Using genetics to understand how modifiable lifestyle changes may prevent disease in later life: A life course approach

Lead Research Organisation: University of Bristol
Department Name: Biological Sciences

Abstract

Understanding the manner in which modifiable factors (including lifestyle) during childhood and adolescence influence our risk of disease is challenging. For instance, individuals who are obese in early life have elevated risk of cardiovascular disease. However, as these individuals tend to remain obese into later life, it is unclear how much of this conferred risk can be reversed by making lifestyle changes. Furthermore, complex disease is typically determined by multiple risk factors, which may or may not act independently of one and other.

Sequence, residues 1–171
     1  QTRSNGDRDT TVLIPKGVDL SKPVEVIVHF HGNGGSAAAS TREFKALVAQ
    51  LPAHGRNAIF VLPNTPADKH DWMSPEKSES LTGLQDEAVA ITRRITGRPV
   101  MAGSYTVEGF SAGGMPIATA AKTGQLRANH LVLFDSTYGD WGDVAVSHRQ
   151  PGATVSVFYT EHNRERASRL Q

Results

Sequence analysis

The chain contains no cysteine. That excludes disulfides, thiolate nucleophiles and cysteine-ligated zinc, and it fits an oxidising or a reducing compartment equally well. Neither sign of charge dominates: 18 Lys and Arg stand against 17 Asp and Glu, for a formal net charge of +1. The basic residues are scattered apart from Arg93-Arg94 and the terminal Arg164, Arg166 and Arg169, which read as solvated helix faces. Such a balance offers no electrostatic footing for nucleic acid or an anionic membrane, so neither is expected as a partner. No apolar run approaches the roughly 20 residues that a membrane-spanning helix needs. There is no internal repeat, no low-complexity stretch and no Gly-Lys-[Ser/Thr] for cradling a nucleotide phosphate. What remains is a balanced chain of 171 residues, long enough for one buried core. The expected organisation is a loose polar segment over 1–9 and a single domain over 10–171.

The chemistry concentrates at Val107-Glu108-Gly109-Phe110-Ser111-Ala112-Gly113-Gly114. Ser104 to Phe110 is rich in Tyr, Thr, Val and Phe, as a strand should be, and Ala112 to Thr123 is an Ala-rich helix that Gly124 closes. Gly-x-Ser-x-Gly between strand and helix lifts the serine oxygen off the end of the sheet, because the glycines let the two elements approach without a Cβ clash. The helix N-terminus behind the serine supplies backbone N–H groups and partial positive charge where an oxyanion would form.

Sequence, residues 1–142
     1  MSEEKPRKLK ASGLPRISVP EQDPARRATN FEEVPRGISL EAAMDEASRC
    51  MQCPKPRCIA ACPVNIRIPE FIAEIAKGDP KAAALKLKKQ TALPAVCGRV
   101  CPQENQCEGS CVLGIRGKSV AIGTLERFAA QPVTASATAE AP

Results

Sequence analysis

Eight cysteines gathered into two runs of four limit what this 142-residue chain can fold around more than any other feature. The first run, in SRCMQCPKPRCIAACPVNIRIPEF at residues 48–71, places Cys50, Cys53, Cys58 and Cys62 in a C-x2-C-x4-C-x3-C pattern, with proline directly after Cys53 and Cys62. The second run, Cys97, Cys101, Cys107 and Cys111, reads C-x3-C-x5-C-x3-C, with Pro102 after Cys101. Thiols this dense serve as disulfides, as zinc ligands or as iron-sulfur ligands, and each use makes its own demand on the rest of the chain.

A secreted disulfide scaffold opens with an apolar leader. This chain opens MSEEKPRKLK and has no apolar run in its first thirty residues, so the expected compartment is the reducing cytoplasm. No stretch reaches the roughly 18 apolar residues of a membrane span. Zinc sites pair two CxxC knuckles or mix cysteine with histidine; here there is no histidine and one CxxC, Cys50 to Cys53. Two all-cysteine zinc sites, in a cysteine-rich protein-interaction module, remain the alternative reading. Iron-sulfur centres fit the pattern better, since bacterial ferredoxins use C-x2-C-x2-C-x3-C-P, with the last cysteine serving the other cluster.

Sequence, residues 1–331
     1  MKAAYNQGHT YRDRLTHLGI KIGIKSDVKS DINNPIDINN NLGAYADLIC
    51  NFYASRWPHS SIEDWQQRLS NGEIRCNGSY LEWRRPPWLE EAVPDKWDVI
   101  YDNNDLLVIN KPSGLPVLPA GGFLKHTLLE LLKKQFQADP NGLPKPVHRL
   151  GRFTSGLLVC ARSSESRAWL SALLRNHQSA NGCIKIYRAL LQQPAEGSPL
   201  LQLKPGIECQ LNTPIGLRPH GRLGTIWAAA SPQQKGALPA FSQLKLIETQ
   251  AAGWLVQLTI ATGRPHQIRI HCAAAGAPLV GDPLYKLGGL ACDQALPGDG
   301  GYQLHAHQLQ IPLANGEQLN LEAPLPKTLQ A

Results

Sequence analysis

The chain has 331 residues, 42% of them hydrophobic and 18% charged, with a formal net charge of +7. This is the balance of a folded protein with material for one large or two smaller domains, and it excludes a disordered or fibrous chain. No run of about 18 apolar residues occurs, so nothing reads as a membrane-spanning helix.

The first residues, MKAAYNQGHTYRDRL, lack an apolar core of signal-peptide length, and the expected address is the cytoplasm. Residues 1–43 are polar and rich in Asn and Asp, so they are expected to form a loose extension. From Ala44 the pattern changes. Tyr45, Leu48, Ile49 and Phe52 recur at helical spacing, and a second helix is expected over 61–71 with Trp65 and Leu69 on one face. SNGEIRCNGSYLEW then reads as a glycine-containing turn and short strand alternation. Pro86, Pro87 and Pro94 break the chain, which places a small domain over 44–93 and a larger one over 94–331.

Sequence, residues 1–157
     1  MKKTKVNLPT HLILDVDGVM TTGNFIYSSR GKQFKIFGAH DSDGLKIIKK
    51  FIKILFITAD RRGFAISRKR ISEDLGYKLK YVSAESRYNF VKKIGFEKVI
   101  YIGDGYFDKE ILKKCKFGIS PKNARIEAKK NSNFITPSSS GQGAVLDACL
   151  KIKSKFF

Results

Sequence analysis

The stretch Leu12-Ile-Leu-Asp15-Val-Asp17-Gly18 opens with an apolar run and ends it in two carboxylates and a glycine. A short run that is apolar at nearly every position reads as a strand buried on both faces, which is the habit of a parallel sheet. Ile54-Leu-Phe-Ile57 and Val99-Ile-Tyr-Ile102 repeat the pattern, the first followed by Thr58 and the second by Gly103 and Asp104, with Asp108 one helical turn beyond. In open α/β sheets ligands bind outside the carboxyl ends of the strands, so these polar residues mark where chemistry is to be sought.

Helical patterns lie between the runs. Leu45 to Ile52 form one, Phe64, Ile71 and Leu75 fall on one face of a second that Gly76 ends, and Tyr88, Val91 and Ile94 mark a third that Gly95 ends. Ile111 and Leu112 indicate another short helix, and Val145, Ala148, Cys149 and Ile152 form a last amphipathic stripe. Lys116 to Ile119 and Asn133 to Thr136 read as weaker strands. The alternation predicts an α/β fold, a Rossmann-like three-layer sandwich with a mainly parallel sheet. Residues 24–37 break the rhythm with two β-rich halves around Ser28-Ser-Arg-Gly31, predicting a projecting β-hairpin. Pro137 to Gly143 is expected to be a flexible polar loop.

This PhD will use large datasets to develop a putative causal map of how multiple lifestyle factors influence disease risk. There will be an emphasis on early life exposures, as results suggesting that conferred risk during childhood can be reversed will have an important translatable message that can impact social policy. Conversely, it is imperative to better understand which early life risk factors have an immutable influence on disease susceptibility which cannot be mitigated through lifestyle modifications. The principles of a technique in epidemiology known as Mendelian randomization (MR) will be applied. This approach uses genetics to disentangle causal relationships, which is particularly powerful given that our genes are inherited randomly at birth. As such they are robust to factors such as confounding and reverse causation which hinder observational analyses.

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